Feb 7, 2023 at 19:21
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Many tandem-wing airplanes have a rudder (for yaw control) and vertical fin on the fuselage, not on the tips of the rear wing. The former is arguably more "usual" configuration. Examples: Rutan "Quickie", "Flying Flea". See also the concept design pictured in the first image, and described in the second cited source, of this related answer to the present question.

On the "Quickie", the front surface wing had full-span control surfaces that functioned as elevators. The rear wing had ailerons, mounted inboard.

On the (rather unusual) "Flying Flea", the entire front wing pivoted up and down for pitch control. Roll control was accomplished solely by the rudder, via aerodynamic coupling between yaw (or more properly slip) and roll, thanks to the generous dihedral of the front wing, as well as the high-mounted position of the front wing.

With a tandem-wing aircraft, it makes intuitive sense that you would want the control surfaces to move in such a way as to immediately increase, not decrease, the lift of one of the surfaces to create a nose-up pitch torque, and this only works if the elevators (pitch control surfaces) are on the front wing. However, many of the older "free-flight" model airplanes did have very large tails with lifting airfoils. There have likely been some aircraft, in model form if not in full-scale form, that could arguably be described as "tandem wing" aircraft, with the rear "wing" not too much smaller than the front wing, that had the ailerons in the front and the elevators in the rear. In general, it makes sense to put the ailerons on whichever wing has the greater span, although the inboard position of the ailerons on the Rutan "Quickie" seems to challenge this logic.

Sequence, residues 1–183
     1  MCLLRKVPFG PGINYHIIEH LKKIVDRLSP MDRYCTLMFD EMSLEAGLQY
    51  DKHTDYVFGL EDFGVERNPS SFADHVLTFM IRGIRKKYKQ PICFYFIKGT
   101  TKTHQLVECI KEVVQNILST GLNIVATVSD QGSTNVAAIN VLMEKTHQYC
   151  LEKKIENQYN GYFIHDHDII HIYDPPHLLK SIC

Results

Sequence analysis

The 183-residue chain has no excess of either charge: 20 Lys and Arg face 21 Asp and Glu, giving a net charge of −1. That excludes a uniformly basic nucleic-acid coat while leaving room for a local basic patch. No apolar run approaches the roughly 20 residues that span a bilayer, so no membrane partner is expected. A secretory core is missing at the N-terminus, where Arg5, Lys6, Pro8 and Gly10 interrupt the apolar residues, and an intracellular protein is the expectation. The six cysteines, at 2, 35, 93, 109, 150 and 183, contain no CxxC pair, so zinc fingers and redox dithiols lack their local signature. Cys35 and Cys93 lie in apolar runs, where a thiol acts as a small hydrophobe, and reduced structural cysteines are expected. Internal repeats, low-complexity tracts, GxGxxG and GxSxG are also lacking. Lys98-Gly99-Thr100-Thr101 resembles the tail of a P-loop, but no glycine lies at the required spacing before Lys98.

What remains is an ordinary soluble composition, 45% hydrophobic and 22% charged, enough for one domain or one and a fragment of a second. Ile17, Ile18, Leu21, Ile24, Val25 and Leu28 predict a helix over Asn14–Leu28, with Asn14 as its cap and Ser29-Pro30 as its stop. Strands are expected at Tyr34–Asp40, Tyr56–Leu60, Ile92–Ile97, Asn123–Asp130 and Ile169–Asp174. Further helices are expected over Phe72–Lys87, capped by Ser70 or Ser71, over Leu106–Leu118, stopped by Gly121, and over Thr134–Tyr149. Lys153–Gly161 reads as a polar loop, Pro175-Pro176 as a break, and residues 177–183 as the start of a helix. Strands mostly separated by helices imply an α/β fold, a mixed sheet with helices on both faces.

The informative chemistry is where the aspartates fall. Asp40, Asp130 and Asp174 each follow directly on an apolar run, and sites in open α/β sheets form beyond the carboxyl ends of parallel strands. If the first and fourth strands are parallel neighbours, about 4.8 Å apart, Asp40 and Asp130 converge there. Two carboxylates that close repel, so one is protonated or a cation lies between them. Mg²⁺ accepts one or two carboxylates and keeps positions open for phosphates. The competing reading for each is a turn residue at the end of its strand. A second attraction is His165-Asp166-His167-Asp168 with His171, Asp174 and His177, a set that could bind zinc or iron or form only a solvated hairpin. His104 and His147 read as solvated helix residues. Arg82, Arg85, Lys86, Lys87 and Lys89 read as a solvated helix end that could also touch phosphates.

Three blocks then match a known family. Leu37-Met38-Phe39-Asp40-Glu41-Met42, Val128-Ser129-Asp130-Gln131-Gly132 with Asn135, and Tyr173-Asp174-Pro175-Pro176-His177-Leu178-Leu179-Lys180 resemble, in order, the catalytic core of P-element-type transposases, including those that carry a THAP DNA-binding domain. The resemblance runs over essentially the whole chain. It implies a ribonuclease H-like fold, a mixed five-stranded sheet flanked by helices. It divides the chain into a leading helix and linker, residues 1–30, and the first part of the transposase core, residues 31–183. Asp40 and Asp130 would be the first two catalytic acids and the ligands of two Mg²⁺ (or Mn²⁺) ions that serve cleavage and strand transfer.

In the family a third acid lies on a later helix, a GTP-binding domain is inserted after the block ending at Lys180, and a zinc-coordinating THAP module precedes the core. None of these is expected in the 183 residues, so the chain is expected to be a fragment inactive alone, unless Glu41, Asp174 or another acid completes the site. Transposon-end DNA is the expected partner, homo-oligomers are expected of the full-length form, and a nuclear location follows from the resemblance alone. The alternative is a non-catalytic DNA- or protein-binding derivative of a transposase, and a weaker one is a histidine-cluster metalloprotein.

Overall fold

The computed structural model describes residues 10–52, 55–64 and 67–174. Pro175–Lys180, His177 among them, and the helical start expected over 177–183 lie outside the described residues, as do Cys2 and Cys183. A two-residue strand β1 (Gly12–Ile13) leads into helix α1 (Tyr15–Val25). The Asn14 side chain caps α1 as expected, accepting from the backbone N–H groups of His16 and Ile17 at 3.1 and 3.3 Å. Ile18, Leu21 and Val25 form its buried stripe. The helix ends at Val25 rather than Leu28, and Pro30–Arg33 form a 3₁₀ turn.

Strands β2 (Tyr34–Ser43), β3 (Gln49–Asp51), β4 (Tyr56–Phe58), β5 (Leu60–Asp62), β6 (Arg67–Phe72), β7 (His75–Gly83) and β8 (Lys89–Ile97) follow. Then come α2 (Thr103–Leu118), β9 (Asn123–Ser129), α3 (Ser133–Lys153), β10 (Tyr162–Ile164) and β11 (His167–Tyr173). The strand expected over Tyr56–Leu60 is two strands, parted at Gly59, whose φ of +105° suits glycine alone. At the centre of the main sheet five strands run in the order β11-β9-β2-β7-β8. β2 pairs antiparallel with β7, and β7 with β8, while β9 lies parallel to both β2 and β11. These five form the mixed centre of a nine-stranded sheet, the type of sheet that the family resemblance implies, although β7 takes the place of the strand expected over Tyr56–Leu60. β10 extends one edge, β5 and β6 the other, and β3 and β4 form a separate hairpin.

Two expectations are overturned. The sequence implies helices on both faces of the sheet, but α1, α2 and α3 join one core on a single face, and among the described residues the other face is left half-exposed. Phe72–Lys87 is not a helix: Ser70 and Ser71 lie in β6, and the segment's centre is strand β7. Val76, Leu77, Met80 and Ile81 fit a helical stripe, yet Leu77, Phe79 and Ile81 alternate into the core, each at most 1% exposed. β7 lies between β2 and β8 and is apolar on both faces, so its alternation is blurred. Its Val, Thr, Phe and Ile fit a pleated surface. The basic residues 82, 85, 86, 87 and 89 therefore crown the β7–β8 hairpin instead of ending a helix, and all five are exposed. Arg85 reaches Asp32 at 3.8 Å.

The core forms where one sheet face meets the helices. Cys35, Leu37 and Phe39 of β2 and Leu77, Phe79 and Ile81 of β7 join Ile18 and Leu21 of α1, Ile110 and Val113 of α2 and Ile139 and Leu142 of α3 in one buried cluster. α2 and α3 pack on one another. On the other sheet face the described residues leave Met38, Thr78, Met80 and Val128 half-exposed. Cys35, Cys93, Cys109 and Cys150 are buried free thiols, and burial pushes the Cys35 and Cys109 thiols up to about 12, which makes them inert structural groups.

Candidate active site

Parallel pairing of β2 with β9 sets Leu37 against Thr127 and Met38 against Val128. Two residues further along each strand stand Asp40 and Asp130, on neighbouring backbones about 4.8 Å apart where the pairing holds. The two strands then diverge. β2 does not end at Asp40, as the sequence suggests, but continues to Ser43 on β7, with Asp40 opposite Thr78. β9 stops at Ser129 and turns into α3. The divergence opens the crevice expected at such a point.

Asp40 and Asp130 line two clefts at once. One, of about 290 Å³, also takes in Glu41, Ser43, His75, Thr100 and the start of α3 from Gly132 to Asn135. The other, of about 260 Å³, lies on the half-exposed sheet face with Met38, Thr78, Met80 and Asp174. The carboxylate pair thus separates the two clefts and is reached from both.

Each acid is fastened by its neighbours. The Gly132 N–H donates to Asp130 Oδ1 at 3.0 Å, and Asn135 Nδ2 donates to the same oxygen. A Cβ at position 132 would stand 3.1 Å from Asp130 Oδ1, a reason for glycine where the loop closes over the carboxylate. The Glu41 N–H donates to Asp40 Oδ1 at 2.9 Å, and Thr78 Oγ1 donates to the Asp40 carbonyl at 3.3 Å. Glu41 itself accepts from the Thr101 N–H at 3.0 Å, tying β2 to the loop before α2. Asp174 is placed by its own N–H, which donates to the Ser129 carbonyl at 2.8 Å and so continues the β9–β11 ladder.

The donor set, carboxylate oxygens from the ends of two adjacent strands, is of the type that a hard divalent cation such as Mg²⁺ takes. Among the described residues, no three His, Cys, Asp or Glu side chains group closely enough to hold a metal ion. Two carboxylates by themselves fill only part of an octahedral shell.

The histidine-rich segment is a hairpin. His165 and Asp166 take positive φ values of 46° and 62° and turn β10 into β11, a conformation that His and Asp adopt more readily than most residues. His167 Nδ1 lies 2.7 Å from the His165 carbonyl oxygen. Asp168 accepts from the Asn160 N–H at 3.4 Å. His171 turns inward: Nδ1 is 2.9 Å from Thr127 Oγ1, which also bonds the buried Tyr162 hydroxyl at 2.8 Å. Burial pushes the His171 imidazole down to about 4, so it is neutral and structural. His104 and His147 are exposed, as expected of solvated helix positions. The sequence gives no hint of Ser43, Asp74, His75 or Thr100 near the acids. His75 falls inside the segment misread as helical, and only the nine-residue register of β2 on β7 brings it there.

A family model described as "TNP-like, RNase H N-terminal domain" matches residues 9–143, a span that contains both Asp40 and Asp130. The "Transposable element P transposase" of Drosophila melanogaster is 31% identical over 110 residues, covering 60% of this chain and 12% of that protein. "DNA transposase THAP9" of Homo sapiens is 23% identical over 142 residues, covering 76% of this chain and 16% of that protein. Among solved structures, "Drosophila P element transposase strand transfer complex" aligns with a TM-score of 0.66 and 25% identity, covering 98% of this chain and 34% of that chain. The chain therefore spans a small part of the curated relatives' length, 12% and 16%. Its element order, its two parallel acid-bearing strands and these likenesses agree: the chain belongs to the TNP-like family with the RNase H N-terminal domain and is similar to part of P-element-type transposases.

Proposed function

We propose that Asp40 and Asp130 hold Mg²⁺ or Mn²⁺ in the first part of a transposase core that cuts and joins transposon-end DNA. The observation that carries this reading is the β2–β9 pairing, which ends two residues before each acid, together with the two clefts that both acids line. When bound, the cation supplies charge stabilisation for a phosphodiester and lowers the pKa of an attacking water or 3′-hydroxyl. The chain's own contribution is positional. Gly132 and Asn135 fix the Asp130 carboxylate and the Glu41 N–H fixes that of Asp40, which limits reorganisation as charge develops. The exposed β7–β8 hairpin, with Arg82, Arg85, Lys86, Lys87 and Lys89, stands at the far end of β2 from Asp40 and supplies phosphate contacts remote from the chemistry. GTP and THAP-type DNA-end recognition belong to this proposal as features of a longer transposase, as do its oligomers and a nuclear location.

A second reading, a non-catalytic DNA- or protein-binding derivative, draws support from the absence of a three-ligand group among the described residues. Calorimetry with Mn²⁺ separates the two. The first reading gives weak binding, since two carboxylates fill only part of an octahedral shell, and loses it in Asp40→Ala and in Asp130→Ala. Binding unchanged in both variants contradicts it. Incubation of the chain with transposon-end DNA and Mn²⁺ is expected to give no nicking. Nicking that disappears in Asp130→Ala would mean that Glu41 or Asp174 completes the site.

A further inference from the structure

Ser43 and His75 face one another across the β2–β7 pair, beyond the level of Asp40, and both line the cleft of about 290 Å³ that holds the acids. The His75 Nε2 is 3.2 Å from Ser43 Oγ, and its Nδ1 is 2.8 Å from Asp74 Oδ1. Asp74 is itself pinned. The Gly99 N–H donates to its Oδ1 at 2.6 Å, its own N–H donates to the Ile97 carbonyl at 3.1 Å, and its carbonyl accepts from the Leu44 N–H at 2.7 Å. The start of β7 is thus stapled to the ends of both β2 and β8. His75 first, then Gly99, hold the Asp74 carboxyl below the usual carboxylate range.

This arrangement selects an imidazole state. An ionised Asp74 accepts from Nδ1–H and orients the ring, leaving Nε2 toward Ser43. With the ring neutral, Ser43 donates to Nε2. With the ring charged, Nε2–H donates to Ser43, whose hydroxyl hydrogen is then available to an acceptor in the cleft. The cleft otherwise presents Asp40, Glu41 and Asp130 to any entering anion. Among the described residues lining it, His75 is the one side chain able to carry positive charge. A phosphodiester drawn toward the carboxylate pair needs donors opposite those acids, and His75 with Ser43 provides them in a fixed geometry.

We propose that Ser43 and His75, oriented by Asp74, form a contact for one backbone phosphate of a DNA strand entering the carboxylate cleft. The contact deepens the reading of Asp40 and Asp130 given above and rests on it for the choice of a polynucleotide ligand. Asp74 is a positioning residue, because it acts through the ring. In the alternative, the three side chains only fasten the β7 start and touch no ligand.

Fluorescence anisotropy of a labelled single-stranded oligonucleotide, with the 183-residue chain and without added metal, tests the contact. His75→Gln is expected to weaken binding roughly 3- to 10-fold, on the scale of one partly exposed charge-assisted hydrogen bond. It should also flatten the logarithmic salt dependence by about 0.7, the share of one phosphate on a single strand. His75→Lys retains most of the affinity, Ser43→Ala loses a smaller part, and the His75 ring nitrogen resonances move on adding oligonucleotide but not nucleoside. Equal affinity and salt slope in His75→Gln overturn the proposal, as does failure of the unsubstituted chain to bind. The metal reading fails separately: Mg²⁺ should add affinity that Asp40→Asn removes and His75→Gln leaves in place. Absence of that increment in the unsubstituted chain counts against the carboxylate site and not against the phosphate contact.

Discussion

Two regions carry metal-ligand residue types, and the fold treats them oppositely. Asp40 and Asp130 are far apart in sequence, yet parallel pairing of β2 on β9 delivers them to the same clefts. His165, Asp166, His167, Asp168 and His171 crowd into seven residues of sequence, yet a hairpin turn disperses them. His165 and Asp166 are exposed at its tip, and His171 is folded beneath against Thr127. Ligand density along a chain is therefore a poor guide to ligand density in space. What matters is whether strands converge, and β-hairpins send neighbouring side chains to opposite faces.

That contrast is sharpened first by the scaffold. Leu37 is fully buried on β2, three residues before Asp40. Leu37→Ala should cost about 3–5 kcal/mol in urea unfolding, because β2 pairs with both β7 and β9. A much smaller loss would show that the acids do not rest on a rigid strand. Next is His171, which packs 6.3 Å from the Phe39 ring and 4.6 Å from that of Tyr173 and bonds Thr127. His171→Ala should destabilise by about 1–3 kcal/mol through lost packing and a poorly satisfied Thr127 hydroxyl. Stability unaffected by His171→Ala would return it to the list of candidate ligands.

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  • $\begingroup$ To "quiet flyer".......So, would you suggest to make the front wing smaller, or the rear wing smaller? And as you have said " In general, it makes sense to put the ailerons on whichever wing has the greater span", I will put ailerons on the big one and elevators on the smaller one. I have edited my answer and added a picture of my plane, I will be glad to hear any suggestions, as you clearly aren't new to this topic :). Thank you sincerely for your time. $\endgroup$
    – Mark
    Feb 7, 2023 at 19:03
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    $\begingroup$ @Mark -- I need to be careful about getting involved in conversations in comments-- Stack Exchange policies discourage that. If you gather 20 reputations points you'll be able to post in "chat" rooms and maybe we could discuss some more. But honestly I don't think I have a great deal more to add-- I don't actually design airplanes, either full-scale or model... $\endgroup$ Feb 8, 2023 at 0:57
  • $\begingroup$ The quickie's front surface was elevator only. The Rutan tandems didn't have flaps. $\endgroup$
    – John K
    Feb 8, 2023 at 4:15
  • $\begingroup$ @JohnK -- that makes sense. Apparently there is an error in the wikipedia article, in the section titled "configuration". en.wikipedia.org/wiki/Rutan_Quickie#Configuration $\endgroup$ Feb 8, 2023 at 13:15